x
Local residents gather at a road as smoke rise from the site of a bomb blast in a market in Quetta, Pakistan, Feb. 16, 2013.
Local residents gather at a road as smoke rise from the site of a bomb blast in a market in Quetta, Pakistan, Feb. 16, 2013.
Saturday’s incident is the second deadliest attack on the Shi'ite community in the city this year.  A double bombing January 10 killed 92 people.  Relatives as well as leaders of the Shi'ite community were so angry that they refused to bury their dead for days.

The protest ended after Pakistani Prime Minister Raja Pervaiz Ashraf dismissed the provincial government and imposed direct federal rule in Baluchistan.

The provincial governor says Sunday will be a day of mourning across the province, while parties representing the Shi'ite community have called a strike in Quetta to protest the latest attack.

Human rights groups say sectarian attacks have increased recently in predominantly Sunni Pakistan, where last year more than 400 Shi'ite Muslims were killed.  Sunni extremists view the Shi'ites as heretics and non-Muslims.

You May Like

UN Ambassador Power Highlights Plight of Women Prisoners

She launches the 'Free the 20' campaign, aimed at profiling women being deprived of their freedom around the world More

Satellite Launch Sparks Spectacular Light Show

A slight delay in a satellite launch lit up the Florida sky early this morning More

Fleeing IS Killings in Syria, Family Reaches Bavaria

Exhausted, scared and under-nourished, Khalil and Maha's tale mirrors those of thousands of refugees from war-torn countries who have left their homes in the hopes of finding a better life More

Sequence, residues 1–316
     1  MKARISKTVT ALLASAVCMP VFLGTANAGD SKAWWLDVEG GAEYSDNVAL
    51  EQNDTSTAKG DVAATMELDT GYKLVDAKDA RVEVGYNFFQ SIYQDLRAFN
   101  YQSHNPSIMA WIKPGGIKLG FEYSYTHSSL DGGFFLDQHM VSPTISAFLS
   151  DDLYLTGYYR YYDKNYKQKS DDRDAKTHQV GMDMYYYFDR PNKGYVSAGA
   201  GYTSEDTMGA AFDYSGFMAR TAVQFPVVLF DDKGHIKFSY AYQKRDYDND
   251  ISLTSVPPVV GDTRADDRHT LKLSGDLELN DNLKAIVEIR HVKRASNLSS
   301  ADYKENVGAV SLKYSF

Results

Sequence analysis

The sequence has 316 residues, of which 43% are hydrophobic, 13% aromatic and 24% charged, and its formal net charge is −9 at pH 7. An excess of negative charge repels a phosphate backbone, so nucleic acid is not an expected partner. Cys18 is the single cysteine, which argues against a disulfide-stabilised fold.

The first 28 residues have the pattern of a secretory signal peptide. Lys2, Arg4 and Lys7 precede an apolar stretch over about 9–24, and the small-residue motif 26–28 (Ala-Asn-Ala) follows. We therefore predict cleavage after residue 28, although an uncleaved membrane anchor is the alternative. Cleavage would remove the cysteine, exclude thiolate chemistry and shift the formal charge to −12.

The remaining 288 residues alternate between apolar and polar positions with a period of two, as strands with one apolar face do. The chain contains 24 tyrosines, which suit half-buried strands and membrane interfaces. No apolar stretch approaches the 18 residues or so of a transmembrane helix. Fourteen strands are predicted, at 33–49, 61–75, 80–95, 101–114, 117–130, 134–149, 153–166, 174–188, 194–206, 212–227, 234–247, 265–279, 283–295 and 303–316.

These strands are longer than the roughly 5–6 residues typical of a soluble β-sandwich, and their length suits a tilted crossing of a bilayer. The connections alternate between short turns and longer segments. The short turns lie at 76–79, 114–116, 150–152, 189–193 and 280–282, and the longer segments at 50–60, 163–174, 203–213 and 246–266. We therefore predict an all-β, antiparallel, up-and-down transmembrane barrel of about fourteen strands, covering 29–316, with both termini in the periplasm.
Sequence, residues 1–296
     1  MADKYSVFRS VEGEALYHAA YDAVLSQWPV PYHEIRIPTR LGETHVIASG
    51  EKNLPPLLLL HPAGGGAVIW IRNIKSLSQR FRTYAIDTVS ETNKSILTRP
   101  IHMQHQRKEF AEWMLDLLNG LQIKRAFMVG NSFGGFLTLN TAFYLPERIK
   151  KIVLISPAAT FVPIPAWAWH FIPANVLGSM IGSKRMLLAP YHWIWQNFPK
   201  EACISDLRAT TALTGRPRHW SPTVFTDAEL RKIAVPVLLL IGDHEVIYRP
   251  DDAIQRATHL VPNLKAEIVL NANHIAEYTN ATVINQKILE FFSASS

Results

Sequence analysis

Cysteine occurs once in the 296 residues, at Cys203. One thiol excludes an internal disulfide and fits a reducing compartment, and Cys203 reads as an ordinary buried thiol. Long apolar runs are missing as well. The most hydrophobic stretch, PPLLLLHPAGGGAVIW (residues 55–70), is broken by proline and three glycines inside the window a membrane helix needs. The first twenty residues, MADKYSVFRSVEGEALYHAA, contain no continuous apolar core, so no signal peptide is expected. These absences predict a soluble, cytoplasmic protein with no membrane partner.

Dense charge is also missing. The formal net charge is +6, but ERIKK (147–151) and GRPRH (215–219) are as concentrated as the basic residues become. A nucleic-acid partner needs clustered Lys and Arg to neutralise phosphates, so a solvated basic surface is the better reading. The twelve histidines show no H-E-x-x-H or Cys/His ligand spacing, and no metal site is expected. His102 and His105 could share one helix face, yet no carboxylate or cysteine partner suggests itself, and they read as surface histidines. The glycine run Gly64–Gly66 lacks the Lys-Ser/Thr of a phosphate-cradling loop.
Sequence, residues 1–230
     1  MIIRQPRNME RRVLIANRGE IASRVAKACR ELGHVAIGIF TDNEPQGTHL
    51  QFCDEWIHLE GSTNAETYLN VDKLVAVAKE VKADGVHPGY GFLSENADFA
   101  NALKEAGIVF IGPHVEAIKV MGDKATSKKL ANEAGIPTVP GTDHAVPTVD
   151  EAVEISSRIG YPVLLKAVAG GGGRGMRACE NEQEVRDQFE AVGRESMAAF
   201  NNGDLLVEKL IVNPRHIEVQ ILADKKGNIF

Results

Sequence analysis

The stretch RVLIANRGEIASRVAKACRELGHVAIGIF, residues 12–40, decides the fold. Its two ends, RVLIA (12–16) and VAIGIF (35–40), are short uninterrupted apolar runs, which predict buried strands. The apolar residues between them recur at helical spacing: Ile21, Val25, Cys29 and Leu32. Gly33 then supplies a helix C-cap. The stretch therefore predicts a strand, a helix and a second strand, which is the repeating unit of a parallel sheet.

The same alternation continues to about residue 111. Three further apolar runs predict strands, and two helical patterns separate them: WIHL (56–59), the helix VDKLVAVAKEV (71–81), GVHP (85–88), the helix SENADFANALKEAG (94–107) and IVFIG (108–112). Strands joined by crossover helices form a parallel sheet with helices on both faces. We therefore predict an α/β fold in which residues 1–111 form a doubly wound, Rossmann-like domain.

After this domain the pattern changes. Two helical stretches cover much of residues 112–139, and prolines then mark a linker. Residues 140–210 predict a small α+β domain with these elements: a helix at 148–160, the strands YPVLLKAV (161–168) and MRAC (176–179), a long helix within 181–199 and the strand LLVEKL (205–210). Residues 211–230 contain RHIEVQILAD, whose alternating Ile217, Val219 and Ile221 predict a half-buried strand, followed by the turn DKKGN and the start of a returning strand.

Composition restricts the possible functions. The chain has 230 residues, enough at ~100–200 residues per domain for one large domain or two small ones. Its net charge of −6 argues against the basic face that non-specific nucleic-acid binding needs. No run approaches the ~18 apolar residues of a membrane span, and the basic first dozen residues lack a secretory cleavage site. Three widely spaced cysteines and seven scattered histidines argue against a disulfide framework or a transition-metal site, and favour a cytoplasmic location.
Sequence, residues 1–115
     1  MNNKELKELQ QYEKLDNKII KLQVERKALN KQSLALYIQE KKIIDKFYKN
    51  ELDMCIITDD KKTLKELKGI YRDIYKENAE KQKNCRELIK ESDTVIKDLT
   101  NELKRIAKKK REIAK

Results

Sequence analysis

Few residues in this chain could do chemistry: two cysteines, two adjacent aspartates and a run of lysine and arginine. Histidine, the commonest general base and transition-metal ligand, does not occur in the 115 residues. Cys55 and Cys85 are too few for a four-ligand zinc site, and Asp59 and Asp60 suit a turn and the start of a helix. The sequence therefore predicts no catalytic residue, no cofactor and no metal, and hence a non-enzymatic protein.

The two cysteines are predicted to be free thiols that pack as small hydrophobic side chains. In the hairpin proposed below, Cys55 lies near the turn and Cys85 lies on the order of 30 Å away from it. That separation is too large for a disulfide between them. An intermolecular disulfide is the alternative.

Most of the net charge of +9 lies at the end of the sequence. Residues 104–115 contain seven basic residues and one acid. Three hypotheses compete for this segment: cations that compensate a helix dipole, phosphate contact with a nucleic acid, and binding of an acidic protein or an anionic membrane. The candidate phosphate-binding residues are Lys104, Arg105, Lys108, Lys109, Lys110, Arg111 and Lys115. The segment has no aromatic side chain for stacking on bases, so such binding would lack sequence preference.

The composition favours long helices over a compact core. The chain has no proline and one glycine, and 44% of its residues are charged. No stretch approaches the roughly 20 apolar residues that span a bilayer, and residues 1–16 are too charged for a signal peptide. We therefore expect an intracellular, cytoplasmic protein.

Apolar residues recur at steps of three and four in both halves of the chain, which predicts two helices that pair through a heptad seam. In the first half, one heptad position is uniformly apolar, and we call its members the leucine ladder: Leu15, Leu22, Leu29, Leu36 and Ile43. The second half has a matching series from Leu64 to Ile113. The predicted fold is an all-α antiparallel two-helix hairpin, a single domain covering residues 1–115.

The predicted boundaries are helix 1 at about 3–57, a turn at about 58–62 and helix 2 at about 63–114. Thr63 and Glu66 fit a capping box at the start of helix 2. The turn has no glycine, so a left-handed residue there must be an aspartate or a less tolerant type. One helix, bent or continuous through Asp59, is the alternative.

Featured Videos

Your JavaScript is turned off or you have an old version of Adobe's Flash Player. Get the latest Flash player.
Nobel Prize Winner Malala Talks to VOAi
X
August 31, 2015 2:17 AM
Nobel Peace Prize winner Malala Yousafzai met with VOA's Deewa service in Washington Sunday to talk about women’s rights and unveil a trailer for her new documentary. VOA's Katherine Gypson has more.
Video

Video Nobel Prize Winner Malala Talks to VOA

Nobel Peace Prize winner Malala Yousafzai met with VOA's Deewa service in Washington Sunday to talk about women’s rights and unveil a trailer for her new documentary. VOA's Katherine Gypson has more.
Video

Video War, Drought Threaten Iraq's Marshlands

Iraq's southern wetlands are in crisis. These areas are the spawning ground for Gulf fisheries, a resting place for migrating wildfowl, and source of livelihood for fishermen and herders. Faith Lapidus has more.
Video

Video Colombians Flee Venezuela as Border Crisis Escalates

Hundreds of Colombians have fled Venezuela since last week, amid an escalating border crisis between the two countries. Last week, Venezuelan President Nicolas Maduro ordered the closure of a key border crossing after smugglers injured three Venezuelan soldiers and a civilian. The president also ordered the deportation of Colombians who are in Venezuela illegally. Zlatica Hoke reports.